Office of the Attorney General
State of Texas

September 12, 1997

The Honorable Lee Price Fernon
Baylor County Attorney
101 South Washington
Seymour, Texas 76380

The Honorable Dib Waldrip
Criminal District Attorney
150 North Seguin, Suite 318
New Braunfels, Texas 78130-5113

Letter Opinion No. 97-081

Re: Whether a county commissioner may also serve as a reserve deputy sheriff (ID# 39419)

Dear Messrs. Fernon and Waldrip:

You have each asked the same question, namely whether a county commissioner may also be a reserve deputy sheriff. For that reason, your requests have been consolidated and will be considered together.

Each of your briefs focuses on one of the two doctrinal areas which may be implicated by this question--the Comal County brief on the constitutional question of dual office holding, the Baylor County brief on the common-law doctrine of incompatibility. We shall examine the questions in that order.

As the brief attached to the Comal County request correctly points out, article XVI, section 40 of the Texas Constitution prohibits any person from holding or exercising "more than one civil office of emolument." Even if reserve deputy sheriff were an "office,"(1) the constitutional prohibition in article XVI, section 40 still would not apply, since the position of county commissioner is specifically exempted by its terms from the prohibition. Accordingly, the constitutional ban on dual office holding does not cover the situation presented by your requests.

As the Baylor County letter brief suggests, however, this does not end the inquiry. We must also consider the common-law doctrine of incompatibility. The common-law doctrine of incompatibility prevents a person from holding two public offices whose duties are inconsistent or in conflict ("conflicting loyalties" incompatibility), or appointing himself to another public entity ("self-appointment" incompatibility), or holding an employment subordinate to his public office ("self-employment" incompatibility). Letter Opinion Nos. 94-70 (1994) at 1-2, 95-29 (1995) at 2-3.

The Baylor County brief suggests that "self-appointment" or "self-employment" incompatibility would bar a commissioner from holding a position as a reserve deputy sheriff, because the sheriff's "accounts and budgets are approved by the membership of the commissioner's court." We disagree. The commissioner's court does not appoint or employ deputy sheriffs. A deputy sheriff "serves at the pleasure of the sheriff." Local Gov't Code 85.003(c). "[B]oth the appointment and tenure of a sheriff's deputy depend upon the sheriff's sole discretion." Commissioners Court of Shelby County v. Ross, 809 S.W.2d 754, 756 (Tex. App.--Tyler 1991, no writ). "On the other hand, the commissioners court or members of the court are expressly forbidden to attempt to influence the appointment of any person to an employee position authorized by the court. The commissioners court may limit the number of deputies authorized, but it has no power of naming the individuals to be appointed." Id. Nor, in our view, would "conflicting loyalties" incompatibility, which applies only when both positions are offices, see Attorney General Opinion JM-1266 (1990) at 4, apply in this situation.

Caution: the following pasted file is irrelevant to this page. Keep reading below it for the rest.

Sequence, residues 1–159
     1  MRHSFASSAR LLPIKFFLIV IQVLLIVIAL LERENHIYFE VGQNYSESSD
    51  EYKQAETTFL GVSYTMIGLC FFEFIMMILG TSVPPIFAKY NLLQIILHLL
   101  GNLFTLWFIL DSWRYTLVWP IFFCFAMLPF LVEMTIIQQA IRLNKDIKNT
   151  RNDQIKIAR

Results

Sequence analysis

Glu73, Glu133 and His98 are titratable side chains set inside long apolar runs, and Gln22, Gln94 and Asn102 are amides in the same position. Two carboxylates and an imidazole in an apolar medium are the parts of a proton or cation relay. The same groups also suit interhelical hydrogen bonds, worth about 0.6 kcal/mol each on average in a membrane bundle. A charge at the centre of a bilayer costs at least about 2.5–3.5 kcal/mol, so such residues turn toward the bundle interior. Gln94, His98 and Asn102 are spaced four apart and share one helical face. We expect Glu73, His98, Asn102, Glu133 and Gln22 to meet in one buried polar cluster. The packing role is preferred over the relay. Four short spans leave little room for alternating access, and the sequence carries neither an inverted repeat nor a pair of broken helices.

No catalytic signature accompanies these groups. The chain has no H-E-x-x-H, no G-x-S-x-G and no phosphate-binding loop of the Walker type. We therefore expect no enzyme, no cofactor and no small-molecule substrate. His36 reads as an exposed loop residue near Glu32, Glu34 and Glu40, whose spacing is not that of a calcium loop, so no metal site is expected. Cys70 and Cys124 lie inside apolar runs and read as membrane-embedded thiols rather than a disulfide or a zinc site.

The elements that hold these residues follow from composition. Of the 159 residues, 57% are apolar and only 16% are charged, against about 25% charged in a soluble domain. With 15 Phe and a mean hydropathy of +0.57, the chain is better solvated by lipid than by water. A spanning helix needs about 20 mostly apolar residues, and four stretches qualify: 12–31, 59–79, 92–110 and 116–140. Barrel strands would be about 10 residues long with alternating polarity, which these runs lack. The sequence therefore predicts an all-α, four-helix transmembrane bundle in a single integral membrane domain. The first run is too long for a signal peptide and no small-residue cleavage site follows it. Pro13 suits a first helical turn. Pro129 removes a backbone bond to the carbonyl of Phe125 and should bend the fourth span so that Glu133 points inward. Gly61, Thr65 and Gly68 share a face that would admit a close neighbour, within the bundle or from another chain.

Since the authority of the sheriff to appoint deputy sheriffs is independent of the commissioners court, the common-law doctrine of incompatibility does not apply here. Accordingly, neither article XVI, section 40 of the Texas Constitution nor the common-law doctrine of incompatibility prohibits a county commissioner from also serving as a reserve deputy sheriff. Since the court may compensate a reserve deputy sheriff, see Local Gov't Code 152.075, both the sheriff and the commissioner may wish to consider the apparent propriety of such an appointment; but the appointment is not barred as a matter of law.


Neither article XVI section 40 of the Texas Constitution nor the common-law doctrine of incompatibility prohibits a county commissioner from also serving as a reserve deputy sheriff.

      Yours very truly,

      James E. Tourtelott
      Assistant Attorney General
      Opinion Committee


1. We do not now decide that reserve deputy sheriffs are employees rather than officers as a matter of law. See Attorney General Opinion DM-212 (1993) (deputy sheriffs do not hold civil office of emolument as matter of law).

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